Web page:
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Irma La Douce

Irma La Douce
MGM Home Entertainment
1963 / color / 2:35 anamorphic 16:9 / 143 min. / Street Date July 15, 2003 / 14.95
Starring Jack Lemmon, Shirley MacLaine, Lou Jacobi, Herschel Bernardi, Hope Holiday
Cinematography Joseph La Shelle
Art Direction Alexander Trauner
Film Editor Daniel Mandell
Original Music Marguerite Monnot, Andre Previn
Written by Billy Wilder & I.A.L. Diamond from a play by Alexandre Breffort
Produced by Edward L. Alperson, I.A.L. Diamond, Billy Wilder
Directed by Billy Wilder

Reviewed by Glenn Erickson

Also available in The Billy Wilder Collection Boxed set (129.96), with The Apartment, Avanti!, The Fortune Cookie, Kiss Me Stupid, One Two Three, The Private Life of Sherlock Holmes, Some Like it Hot and Witness for the Prosecution.

Irma La Douce means well, and certainly brings a smile to one's lips, but it's one of Billy Wilder and I.A.L. Diamond's least successful films. The production is remarkable and the color dazzling, but this time around the 'dirty Wilder fairy tale' outwits itself. Only so much humor can be mined from the basically sordid theme of prostitution and the characters are too cartoonish for the sentimental conclusion to take hold.


Innocent gendarme Nestor Patou (Jack Lemmon) is transferred to a notorious Rue Casanova, a narrow lane frequented by streetwalkers. When he arrests his chief along with the girls in a raid that goes against accepted 'understandings' between the pimps and the cops, he loses his job. But he's befriended by bartender-racounteur Moustache (Lou Jacobi) and adopted by #1 hooker Irma La Douce (Shirley MacLaine). Nestor defeats Irma's mec, or pimp, but refuses to become a pimp himself because he's too romantic to allow her to sleep with anyone else. To that end, he disguises himself as an English twit named Lord X, who monopolizes Irma and pays her a fortune just to play cards. But Nestor has to work night and day to raise the money to pay Irma so she can keep him ... and his absences make her suspect he's seeing one of the other girls - perhaps Kiki the Cossack (Star Trek's Grace Lee Whitney) or Lolita (Hope Holiday).

Jack Lemmon and Shirley Maclaine don't quite achieve the sure-thing pairing here that graced their superlative The Apartment three seasons before, and it's entirely the fault of their characters. The script makes the pair a comedy duo swapping dirty double entendres about sex, and we never warm up to them. Both have to play different types of dumb to make the jokes work. Irma, being arrested for soliciting, doesn't realize Nestor is referring to her dog, and not her when he says: "There are rules you know! You need to put it on a leash!"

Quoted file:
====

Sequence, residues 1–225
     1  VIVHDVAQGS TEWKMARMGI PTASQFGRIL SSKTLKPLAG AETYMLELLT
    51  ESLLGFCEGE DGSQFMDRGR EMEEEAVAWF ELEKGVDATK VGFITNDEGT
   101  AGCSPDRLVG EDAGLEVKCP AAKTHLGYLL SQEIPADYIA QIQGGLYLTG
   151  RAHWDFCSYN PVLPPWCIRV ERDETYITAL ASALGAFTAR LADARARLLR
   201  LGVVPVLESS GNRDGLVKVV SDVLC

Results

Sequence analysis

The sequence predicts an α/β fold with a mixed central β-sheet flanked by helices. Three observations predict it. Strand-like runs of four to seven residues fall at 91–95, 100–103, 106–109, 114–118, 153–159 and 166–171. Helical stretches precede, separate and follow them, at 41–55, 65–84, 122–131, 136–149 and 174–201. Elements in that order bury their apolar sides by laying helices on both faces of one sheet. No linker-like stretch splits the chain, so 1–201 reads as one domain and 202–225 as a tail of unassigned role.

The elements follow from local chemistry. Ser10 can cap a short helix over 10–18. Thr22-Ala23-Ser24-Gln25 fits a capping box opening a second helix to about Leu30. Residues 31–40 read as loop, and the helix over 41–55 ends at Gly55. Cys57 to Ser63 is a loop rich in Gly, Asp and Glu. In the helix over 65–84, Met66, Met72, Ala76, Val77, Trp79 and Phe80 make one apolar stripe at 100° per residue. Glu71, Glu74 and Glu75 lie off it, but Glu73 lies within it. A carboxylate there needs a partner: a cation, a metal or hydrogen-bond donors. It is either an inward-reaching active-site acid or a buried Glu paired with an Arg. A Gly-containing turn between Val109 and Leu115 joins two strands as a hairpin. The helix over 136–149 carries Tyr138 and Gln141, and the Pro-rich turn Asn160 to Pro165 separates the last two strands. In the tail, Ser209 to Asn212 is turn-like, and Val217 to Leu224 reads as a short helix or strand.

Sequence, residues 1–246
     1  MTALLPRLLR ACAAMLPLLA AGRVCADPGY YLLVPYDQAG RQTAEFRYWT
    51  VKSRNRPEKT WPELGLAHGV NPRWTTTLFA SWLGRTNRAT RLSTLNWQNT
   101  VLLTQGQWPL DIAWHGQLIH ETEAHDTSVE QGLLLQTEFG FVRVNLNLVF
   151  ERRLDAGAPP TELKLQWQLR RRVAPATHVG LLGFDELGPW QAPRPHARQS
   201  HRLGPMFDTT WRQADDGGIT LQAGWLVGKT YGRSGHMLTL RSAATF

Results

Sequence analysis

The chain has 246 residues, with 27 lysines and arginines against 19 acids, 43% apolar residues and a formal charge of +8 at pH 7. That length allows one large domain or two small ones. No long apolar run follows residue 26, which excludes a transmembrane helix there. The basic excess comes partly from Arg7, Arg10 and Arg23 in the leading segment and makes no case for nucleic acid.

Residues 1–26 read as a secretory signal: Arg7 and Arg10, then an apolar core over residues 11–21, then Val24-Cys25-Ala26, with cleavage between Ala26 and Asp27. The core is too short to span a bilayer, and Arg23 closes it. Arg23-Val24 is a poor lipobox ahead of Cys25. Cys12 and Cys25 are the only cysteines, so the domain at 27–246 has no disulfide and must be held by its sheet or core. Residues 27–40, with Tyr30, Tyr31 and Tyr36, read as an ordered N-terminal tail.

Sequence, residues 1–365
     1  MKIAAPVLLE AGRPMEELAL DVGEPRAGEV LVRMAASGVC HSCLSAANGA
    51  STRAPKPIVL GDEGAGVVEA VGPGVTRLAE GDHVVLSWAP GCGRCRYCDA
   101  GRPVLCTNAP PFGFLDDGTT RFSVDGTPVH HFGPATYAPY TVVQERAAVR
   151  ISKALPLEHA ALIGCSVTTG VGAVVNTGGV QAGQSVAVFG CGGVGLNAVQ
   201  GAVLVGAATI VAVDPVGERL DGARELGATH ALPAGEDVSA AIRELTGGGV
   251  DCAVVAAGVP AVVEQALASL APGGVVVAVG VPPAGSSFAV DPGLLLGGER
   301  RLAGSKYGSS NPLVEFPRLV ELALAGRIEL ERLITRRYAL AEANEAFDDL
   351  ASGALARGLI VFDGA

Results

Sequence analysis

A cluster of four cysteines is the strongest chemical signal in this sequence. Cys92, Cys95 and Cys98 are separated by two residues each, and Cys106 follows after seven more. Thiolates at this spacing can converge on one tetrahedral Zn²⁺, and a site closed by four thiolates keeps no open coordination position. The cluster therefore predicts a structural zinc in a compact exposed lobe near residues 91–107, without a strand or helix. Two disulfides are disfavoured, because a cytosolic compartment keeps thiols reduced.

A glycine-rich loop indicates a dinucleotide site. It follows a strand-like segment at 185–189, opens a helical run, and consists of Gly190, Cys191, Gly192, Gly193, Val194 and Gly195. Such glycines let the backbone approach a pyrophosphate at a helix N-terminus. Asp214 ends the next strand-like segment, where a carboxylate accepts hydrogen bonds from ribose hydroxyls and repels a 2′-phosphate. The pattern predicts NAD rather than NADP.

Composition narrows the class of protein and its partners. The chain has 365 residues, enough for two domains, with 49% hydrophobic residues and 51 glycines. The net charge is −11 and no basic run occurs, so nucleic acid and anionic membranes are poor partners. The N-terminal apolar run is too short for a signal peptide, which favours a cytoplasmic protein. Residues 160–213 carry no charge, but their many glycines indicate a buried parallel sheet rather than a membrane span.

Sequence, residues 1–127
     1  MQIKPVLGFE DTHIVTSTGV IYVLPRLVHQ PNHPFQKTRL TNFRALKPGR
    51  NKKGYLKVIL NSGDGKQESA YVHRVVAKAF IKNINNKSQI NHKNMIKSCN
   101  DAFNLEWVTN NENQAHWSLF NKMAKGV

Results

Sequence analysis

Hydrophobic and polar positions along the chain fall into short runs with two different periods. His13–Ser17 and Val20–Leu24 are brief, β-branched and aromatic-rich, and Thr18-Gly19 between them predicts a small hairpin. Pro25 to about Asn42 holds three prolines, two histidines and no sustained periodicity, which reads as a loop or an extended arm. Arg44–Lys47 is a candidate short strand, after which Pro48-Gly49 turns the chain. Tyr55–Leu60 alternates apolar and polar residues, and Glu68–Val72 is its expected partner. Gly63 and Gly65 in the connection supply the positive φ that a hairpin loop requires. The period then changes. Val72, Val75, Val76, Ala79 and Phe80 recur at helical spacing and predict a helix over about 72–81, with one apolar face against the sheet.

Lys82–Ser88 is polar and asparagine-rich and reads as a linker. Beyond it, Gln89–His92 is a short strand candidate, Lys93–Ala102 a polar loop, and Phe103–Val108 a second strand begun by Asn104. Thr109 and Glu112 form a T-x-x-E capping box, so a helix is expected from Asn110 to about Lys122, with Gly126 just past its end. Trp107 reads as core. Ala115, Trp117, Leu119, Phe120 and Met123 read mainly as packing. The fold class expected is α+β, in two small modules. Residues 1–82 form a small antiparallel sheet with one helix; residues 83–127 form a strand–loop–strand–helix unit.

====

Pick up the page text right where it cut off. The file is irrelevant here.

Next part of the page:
Wilder is obviously taken with his notion of a Red Light district that operates like a candy store for carnal sin - the girls have outrageous names like Amazon Annie and Suzette Wong and are perfectly happy in their work, standing along the crooked rue hawking their wares. Their mecs are organized in a slyly-named association that boils down to the acronym M.P.A.A. (!), and the whole shebang looks like a color cartoon ripped from the pages of Playboy.

Irma La Douce had recently been a successful Broadway musical but Wilder went back to the original play and dropped the songs. Nestor starts as a naive medal winner for rescuing a kid in a playground and his rather depressing fall from grace is explained with a flippant 'way of all flesh' attitude. Neither his suffering nor the attractive French fantasy world he and Irma live in isn't all that pleasant, even with slapstick gags and funny fights breaking out nightly in Moustache's cafe. The final fun-killer is Nestor's 'Lord X' persona, a concept that may be from the original play but is a terribly dumb idea. Wilder tries to make him a composite of every English movie cliché going. Lemmon's fake teeth and eyepatch are terminally unfunny.